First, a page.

A Block in Temple Bar
by Sheila O'Donnell & John Tuomey
O'Donnell + Tuomey Architects spent ten years working on one block in Temple Bar, the cultural quarter of Dublin, Ireland.
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We started on conversion of the former Quaker Meeting House into the Irish Film Centre in 1986. Meeting House Square, with the National Photographic Archive and the Gallery of Photography, was opened to the public in 1996.
The Quakers had accumulated a cluster of overlapping properties, which they built up around the 17th-century foundations of their mid-block meeting house. Our site-specific strategy for the new film center — comprising new interventions, surgical demolitions, simple conversion, and invisible mending — was intended to continue the process of gradual change and incremental adaptation that had characterized the historical development of this complex site.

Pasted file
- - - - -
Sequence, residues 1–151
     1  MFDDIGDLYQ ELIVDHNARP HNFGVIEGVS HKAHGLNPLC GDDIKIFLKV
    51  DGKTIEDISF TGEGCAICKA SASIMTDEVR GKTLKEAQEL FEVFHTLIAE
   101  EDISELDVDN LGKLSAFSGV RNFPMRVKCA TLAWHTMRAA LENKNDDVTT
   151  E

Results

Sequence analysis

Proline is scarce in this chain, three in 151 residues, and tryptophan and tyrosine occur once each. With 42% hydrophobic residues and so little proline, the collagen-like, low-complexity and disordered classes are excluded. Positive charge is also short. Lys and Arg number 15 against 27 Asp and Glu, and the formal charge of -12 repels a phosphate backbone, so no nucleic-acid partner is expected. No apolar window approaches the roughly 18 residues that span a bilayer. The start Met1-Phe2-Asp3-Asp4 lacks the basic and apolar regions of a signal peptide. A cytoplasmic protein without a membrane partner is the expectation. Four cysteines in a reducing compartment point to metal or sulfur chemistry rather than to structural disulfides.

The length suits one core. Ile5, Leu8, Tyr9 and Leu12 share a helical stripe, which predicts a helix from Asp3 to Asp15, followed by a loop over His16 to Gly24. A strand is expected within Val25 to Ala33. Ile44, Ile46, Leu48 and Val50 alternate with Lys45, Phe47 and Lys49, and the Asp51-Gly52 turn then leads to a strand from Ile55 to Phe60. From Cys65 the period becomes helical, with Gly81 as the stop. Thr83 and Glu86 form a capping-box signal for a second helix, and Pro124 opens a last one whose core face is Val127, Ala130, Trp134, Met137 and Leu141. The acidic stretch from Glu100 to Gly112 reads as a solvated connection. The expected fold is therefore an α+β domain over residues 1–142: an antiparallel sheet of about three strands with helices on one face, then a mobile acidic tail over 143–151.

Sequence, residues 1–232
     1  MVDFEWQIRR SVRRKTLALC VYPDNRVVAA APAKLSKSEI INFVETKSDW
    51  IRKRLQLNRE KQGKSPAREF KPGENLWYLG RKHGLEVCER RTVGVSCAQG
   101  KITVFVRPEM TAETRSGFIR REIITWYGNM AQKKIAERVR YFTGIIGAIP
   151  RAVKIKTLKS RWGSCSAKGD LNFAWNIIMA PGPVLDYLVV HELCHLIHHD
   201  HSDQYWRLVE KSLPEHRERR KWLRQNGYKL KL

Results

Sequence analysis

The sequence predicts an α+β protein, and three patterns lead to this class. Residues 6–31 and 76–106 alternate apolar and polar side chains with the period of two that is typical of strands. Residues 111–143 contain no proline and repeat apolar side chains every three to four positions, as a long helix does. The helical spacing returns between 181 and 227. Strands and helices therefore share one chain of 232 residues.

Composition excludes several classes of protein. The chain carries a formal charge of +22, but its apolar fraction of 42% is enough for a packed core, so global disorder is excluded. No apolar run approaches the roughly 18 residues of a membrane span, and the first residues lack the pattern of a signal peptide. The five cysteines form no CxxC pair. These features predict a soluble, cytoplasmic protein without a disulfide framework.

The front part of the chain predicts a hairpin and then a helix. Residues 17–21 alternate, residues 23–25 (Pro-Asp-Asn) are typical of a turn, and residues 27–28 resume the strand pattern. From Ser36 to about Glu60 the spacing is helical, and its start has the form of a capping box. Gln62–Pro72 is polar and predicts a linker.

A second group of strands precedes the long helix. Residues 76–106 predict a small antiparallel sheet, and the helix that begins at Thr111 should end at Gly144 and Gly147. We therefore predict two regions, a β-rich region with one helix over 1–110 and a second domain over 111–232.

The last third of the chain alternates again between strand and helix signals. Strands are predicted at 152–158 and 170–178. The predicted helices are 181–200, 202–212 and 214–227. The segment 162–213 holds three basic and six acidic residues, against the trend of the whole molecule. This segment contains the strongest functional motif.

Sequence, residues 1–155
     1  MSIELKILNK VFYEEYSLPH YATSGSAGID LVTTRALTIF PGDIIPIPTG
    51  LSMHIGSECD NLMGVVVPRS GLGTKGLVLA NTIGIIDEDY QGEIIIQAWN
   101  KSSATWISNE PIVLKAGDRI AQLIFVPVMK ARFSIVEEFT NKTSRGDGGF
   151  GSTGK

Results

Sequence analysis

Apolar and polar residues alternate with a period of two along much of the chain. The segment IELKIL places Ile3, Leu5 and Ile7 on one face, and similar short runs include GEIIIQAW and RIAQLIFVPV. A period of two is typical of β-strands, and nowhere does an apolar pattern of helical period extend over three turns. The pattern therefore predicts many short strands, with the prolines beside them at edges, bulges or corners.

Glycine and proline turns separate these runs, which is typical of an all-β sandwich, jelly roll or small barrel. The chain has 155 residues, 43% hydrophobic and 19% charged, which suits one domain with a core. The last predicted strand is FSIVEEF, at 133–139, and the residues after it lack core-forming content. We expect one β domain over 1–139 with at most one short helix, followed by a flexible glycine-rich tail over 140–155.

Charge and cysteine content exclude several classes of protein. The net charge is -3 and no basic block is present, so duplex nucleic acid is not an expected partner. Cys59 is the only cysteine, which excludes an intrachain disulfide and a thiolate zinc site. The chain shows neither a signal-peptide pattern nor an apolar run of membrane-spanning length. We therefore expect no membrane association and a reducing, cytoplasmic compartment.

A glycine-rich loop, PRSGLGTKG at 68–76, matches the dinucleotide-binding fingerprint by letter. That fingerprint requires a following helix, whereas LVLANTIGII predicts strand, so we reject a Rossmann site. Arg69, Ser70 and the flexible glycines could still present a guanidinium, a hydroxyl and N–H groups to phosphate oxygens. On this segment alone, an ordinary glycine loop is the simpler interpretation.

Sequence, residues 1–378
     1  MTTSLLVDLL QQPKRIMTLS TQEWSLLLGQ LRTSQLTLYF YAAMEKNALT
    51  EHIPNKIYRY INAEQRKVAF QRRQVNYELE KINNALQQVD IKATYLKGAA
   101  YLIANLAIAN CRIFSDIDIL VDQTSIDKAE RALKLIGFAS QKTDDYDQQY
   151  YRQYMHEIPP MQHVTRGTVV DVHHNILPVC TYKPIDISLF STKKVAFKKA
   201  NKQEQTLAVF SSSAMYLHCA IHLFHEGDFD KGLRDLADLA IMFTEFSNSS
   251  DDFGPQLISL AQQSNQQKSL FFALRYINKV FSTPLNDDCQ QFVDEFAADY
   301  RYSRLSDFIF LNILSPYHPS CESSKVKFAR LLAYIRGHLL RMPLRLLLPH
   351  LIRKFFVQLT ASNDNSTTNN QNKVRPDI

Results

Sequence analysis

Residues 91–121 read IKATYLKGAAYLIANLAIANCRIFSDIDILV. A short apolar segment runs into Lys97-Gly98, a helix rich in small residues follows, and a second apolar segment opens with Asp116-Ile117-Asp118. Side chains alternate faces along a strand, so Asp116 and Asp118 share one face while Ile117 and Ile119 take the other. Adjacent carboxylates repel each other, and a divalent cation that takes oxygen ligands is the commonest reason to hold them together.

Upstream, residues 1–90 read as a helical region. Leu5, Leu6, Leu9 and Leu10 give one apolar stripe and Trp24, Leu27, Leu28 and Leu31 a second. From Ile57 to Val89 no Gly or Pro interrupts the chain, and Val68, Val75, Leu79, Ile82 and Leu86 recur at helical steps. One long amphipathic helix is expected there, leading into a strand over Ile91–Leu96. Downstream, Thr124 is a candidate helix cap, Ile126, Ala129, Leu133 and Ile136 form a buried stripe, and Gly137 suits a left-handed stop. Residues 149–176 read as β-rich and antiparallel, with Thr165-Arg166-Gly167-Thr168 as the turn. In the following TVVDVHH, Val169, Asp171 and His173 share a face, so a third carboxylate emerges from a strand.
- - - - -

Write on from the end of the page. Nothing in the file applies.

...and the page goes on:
The opportunity for new building was limited to the edges, with an opened-up courtyard forming the heart of the project. Four pedestrian routes from surrounding streets connect to the glass-roofed foyer, which, by its stone and steel floor, pigmented rendered surfaces, and lines of neon lighting, integrates the new cinema uses with the old urban fabric. The building cluster accommodates various aspects of film culture, including two movie theaters, a film archive, bookshop, restaurant, bar, education rooms, and film production offices.
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Sheila O'Donnell and John Tuomey are principals in O'Donnell + Tuomey Architects, Dublin, Ireland.
This article is excerpted from O'Donnell + Tuomey: Selected Works by Sheila O'Donnell and John Tuomey, copyright © 2006, with permission of the publisher, Princeton Architectural Press.